Though adoption of the state standards was a success, Carnegie learned through conversations with educators and stakeholders that more was required to ensure classrooms reflected the new requirements.

“While there was a need and understanding that was demonstrated through the desire to adopt the standards, it didn’t mean that miraculously, there were now instructional materials aligned to those standards that were available,” said LaVerne Srinivasan, Carnegie’s national program vice president and program director for education.

The foundation zeroed in on this need in part through a convening for the field it hosted in 2017 and the resulting report, “Instructional Materials and Implementation of Next Generation Science Standards.” The report found that while there was enthusiasm among educators, most didn’t understand exactly what the new standards would look like in their classrooms. Additionally, few commercial curriculum developers offered materials that aligned with the NGSS.

“Traditionally, we have expected teachers to unpack the standards, understand what they mean, and they create the curriculum,” Short said. The shortcomings of this approach became apparent to Carnegie after the rocky rollout of the Common Core State Standards for English and math.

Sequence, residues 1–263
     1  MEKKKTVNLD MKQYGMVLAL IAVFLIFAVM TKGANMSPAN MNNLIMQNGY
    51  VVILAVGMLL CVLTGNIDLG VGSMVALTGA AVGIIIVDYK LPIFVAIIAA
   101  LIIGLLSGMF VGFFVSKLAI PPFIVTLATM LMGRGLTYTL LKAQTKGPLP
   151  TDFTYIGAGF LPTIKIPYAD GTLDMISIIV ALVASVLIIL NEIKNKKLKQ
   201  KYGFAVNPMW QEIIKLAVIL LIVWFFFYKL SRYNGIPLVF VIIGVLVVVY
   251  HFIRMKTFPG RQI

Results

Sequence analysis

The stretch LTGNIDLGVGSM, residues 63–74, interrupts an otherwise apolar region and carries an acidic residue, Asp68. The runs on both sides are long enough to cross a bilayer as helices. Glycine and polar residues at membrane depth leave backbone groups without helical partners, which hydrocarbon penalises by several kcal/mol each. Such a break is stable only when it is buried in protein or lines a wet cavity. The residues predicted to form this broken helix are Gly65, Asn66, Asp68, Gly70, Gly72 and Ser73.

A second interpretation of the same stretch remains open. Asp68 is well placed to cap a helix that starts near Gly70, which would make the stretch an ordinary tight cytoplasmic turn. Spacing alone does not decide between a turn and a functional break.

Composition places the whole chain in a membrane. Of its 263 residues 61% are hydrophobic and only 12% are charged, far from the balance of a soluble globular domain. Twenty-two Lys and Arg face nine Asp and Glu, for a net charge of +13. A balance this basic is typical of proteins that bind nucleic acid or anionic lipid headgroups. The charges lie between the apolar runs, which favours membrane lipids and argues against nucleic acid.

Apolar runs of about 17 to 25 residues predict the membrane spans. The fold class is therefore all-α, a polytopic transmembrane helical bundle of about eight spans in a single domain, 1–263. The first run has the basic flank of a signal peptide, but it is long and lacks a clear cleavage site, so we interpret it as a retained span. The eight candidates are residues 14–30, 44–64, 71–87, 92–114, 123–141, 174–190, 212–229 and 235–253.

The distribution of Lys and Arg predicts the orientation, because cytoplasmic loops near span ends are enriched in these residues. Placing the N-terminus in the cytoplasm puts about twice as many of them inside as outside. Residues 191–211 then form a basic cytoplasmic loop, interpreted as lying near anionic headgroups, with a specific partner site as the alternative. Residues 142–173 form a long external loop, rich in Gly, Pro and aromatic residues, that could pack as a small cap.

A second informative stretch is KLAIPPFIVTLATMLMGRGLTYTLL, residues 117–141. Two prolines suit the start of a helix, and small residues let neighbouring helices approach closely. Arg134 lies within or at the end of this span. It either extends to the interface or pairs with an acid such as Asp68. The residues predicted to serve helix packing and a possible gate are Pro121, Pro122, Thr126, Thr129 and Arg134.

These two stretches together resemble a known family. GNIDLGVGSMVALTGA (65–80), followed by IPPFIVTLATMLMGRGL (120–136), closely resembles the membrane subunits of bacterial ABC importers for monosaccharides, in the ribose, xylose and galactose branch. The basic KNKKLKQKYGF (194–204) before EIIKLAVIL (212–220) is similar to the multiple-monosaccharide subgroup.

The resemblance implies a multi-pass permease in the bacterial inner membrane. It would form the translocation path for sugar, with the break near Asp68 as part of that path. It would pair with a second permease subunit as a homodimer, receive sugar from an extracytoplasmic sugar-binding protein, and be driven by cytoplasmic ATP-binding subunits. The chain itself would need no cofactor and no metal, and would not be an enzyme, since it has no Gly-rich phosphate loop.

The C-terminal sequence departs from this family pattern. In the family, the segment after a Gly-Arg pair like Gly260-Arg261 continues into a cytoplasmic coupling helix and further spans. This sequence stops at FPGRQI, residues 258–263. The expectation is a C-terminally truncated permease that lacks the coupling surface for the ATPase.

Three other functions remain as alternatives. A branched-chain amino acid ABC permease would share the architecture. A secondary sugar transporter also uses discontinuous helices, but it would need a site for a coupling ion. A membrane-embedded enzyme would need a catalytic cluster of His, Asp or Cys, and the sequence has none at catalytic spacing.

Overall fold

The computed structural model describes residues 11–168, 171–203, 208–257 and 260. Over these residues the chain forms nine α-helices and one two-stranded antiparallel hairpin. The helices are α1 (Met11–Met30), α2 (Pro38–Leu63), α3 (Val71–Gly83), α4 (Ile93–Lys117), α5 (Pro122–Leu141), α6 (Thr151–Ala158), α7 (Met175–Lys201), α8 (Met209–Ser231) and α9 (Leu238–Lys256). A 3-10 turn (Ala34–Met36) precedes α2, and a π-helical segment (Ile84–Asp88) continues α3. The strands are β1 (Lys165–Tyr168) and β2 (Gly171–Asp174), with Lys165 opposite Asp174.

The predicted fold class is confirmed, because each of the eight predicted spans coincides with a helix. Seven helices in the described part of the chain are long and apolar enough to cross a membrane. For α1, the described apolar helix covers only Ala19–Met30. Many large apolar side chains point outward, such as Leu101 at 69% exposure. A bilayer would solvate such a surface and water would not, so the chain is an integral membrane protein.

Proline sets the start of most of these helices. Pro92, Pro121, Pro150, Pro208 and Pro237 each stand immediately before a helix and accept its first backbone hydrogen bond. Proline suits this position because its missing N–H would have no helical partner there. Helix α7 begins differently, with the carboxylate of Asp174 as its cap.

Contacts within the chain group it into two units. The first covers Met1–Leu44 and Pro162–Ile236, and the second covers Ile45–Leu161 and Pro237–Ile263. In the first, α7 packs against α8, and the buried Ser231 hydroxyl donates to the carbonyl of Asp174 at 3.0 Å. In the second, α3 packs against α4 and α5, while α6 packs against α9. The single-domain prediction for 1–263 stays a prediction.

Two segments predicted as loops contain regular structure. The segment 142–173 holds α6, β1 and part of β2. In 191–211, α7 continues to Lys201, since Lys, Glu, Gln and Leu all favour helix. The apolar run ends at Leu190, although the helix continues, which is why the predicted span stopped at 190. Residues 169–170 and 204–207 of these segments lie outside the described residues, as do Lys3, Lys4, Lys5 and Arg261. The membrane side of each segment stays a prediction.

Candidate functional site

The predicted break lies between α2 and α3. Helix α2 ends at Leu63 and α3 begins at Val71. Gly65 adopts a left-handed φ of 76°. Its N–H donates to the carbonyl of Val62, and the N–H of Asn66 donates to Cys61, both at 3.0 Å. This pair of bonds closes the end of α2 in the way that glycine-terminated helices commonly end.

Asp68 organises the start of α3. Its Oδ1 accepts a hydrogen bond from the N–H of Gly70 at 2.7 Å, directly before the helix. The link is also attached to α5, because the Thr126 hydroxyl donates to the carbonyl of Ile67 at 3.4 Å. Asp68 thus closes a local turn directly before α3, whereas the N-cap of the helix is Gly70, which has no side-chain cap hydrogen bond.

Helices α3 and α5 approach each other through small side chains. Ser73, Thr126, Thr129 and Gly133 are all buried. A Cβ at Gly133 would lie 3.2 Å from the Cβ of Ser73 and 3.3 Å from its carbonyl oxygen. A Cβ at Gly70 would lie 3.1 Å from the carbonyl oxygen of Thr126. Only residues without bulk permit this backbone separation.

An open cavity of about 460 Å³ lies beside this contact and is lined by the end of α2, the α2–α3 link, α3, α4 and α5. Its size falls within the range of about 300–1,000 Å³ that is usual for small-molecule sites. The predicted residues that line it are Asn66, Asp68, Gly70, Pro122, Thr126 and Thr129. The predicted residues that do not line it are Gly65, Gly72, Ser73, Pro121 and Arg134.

“I think what we’ve seen even before this surfaced in science, in literacy and math, that it was becoming a real challenge for people to implement the new literacy and math standards without more support, without more resources to draw from that represented the rigor of the standards and the vision of what college and career-ready work look like,” he said.

To address this, Carnegie launched OpenSciEd early last year. The Bill and Melinda Gates Foundation, the Hewlett Foundation and the Charles and Lynn Schusterman Foundation also support the nonprofit.